“Maliciously disobeying a lawful order or demand of a police officer or a member of the voluntary police made in the performance of his duties of preserving public order shall result in the imposition of a fine of between 50% and double the fixed minimum wage, or of correctional labour for between one and two months with the deduction of 20% of earnings or, in cases where, in the circumstances of the case, taking into account the offender’s personality, the application of these measures would be deemed insufficient, of administrative detention not exceeding 15 days.”
B. The Law on Conditions for Holding Arrested and Detained Persons («Ձերբակալված և կալանավորված անձանց պահելու մասին» ՀՀ օրենք)
28. The relevant provisions of the Law, as in force at the material time, read as follows:
Section 13: Rights of arrested and detained persons
“An arrested or detained person is entitled: ... (3) to lodge, himself or through his lawyer or lawful representative, applications and complaints alleging a violation of his rights and freedoms with the administration of the facility for arrested or detained persons, their superior authorities, a court, a prosecutor’s office, the Ombudsman, the bodies of public administration and local self-governance, non-governmental unions and [political] parties, mass media and international institutions and organisations protecting human rights and freedoms.”
Section 20: Ensuring the material and living conditions of arrested and detained persons
“...The living space afforded to arrested and detained persons must comply with the building and sanitary-hygienic norms established for general living spaces. The area of the living space afforded to arrested and detained persons shall not be less than 2.5 sq. m for each individual.
Arrested and detained persons must be provided with individual bedding and bed linen.”
C. Decree no. 8 of the Chief of Armenian Police of 11 September 2003 Approving the Internal Rules of Facilities under the Armenian Police for Holding Arrested Persons
29. The relevant provisions of the Decree read as follows:
“Special sections of the [facilities for holding arrested persons] shall be reserved for persons who have been subjected to administrative detention for periods prescribed by [the CAO]...”
III. RELEVANT REPORTS CONCERNING CONDITIONS OF DETENTION
A. The Report of the Committee for the Prevention of Torture (CPT) on its Visit to Armenia in 2002 – CPT/Inf(2004)25
30. The relevant part of the Report reads as follows:
“4. Conditions of detention
43. At the outset, the CPT wishes to highlight the criteria which it applies when assessing police detention facilities.
All police cells should be clean, of a reasonable size for the number of persons they are used to accommodate, and have adequate lighting (i.e. sufficient to read by, sleeping periods excluded) and ventilation; preferably, cells should enjoy natural light. Further, cells should be equipped with a means of rest (for example, a chair or bench) and persons obliged to stay overnight in custody should be provided with a clean mattress and clean blankets.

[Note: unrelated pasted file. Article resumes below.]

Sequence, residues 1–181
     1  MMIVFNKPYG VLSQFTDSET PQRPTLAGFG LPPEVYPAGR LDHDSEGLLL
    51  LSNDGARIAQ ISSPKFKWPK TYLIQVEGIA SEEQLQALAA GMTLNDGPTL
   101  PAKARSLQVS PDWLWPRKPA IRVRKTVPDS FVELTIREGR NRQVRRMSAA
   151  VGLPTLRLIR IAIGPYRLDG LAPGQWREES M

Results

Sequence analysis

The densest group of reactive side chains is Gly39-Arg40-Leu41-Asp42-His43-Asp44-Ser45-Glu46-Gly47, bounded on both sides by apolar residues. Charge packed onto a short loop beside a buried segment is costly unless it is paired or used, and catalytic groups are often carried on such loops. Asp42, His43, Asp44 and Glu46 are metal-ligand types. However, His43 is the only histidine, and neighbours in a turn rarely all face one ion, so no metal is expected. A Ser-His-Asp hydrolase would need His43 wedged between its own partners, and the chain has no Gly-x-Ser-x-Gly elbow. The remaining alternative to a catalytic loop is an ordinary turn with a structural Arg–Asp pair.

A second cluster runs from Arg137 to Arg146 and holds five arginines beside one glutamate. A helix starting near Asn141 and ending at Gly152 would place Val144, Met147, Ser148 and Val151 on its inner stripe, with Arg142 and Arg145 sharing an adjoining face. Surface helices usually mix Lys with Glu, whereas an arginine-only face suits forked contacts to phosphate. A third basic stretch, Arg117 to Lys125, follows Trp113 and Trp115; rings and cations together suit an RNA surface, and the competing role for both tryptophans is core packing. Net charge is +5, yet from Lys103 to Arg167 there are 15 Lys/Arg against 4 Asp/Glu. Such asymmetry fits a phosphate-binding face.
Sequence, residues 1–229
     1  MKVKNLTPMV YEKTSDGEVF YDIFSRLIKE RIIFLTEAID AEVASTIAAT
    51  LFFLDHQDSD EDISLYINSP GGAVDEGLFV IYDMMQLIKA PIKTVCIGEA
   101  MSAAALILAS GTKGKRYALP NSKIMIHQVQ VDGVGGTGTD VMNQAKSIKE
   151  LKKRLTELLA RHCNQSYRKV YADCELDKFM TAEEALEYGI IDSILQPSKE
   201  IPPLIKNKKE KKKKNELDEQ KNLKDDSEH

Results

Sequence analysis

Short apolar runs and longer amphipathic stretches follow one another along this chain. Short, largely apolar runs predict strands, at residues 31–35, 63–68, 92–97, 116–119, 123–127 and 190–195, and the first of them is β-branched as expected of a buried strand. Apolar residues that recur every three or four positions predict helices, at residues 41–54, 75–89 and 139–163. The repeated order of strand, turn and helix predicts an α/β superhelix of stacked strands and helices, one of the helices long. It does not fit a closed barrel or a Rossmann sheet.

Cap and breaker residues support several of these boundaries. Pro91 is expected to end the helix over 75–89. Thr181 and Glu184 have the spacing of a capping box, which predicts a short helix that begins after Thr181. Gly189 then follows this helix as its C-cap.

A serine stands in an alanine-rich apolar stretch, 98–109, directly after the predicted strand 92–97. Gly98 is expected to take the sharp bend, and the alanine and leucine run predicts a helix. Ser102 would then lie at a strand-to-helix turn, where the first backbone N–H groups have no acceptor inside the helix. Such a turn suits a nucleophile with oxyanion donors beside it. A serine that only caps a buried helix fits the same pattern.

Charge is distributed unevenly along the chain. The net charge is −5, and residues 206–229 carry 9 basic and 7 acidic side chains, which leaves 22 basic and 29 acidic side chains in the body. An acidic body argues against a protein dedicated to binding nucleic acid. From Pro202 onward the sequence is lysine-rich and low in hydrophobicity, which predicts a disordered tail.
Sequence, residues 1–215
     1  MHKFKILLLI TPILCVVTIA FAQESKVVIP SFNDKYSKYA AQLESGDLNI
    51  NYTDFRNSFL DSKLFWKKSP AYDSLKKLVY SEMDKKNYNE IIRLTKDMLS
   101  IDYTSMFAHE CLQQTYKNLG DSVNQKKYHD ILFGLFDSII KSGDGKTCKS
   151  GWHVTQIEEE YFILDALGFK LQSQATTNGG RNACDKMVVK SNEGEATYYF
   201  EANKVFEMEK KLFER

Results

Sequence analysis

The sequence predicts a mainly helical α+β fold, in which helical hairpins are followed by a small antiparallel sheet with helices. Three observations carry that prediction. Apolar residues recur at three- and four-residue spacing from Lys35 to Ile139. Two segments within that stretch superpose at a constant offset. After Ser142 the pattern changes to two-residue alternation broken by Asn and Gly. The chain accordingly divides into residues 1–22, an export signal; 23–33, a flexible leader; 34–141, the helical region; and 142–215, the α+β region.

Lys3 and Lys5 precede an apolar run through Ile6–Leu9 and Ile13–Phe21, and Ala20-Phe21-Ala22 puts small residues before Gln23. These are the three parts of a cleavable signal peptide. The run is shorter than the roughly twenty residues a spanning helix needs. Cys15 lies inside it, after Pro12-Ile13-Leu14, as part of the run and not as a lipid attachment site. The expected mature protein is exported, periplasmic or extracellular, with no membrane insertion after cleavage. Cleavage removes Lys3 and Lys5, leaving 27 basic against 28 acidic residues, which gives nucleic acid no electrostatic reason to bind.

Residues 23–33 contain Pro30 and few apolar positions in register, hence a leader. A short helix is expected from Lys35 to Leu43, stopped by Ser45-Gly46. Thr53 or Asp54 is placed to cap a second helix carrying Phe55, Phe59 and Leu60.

Persons in custody should be able to satisfy the needs of nature when necessary, in clean and decent conditions, and be offered adequate washing facilities. They should have ready access to drinking water and be given food at appropriate times, including at least one full meal (that is, something more substantial than a sandwich) every day. Persons held in custody for 24 hours or more should, as far as possible, be offered one hour of outdoor exercise every day.
b. temporary detention centres
44. During the visit, the CPT’s delegation visited temporary detention centres in Yerevan, Akhurian, Hrazdan, Maralik and Sevan. Establishments of this type are used to hold two categories of detainees: criminal suspects and persons under administrative arrest.
Conditions of detention in the temporary detention centres visited varied from acceptable (at the Hrazdan Department of Internal Affairs) to poor (e.g. at the Akhurian and Sevan Departments of Internal Affairs).
45. As regards occupancy levels, a consultation of registers and the number of sleeping places per cell suggested that the minimum standard of 2.5 m² of living space per person, as stipulated by the Law on [Conditions for Holding Arrested and Detained Persons], was respected as concerns criminal suspects. However, the CPT must add that this minimum standard is too low. As concerns the cells for administrative detainees, the information gathered during the visit indicated that conditions could become extremely cramped, e.g. up to 6 detainees in a cell of 9 m² in Hrazdan and Sevan.
All the centres visited presented deficiencies concerning the in-cell lighting and ventilation. With the exception of the Hrazdan centre, access to natural light was poor (small windows, sometimes - as in Yerevan - covered by metal shutters) or inexistent (e.g. in Akhurian). Artificial lighting was invariably dim, with some cells (e.g. in Yerevan, Akhurian and Maralik) submerged in near darkness. As to ventilation, it left something to be desired at Yerevan and Sevan.
As to the state of repair and hygiene of the detention areas, it ranged from quite acceptable at the Hrazdan Department of Internal Affairs to poor at the Sevan establishment. Cells at the Temporary detention centre in Yerevan were in a reasonably good state of repair; however, their level of cleanliness left something to be desired. Detention areas in Akhurian and Maralik were dilapidated but clean.